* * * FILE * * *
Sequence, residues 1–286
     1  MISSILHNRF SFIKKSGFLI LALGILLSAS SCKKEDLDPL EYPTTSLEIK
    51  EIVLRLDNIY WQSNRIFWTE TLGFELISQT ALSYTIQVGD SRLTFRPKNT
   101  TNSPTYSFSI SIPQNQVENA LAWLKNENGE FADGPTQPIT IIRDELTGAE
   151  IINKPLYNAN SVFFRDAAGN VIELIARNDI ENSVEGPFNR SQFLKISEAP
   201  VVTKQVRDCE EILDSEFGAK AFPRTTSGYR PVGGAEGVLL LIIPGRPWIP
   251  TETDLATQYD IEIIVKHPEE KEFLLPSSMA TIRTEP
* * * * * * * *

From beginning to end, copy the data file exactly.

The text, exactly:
Sequence, residues 1–286
     1  MISSILHNRF SFIKKSGFLI LALGILLSAS SCKKEDLDPL EYPTTSLEIK
    51  EIVLRLDNIY WQSNRIFWTE TLGFELISQT ALSYTIQVGD SRLTFRPKNT
   101  TNSPTYSFSI SIPQNQVENA LAWLKNENGE FADGPTQPIT IIRDELTGAE
   151  IINKPLYNAN SVFFRDAAGN VIELIARNDI ENSVEGPFNR SQFLKISEAP
   201  VVTKQVRDCE EILDSEFGAK AFPRTTSGYR PVGGAEGVLL LIIPGRPWIP
   251  TETDLATQYD IEIIVKHPEE KEFLLPSSMA TIRTEP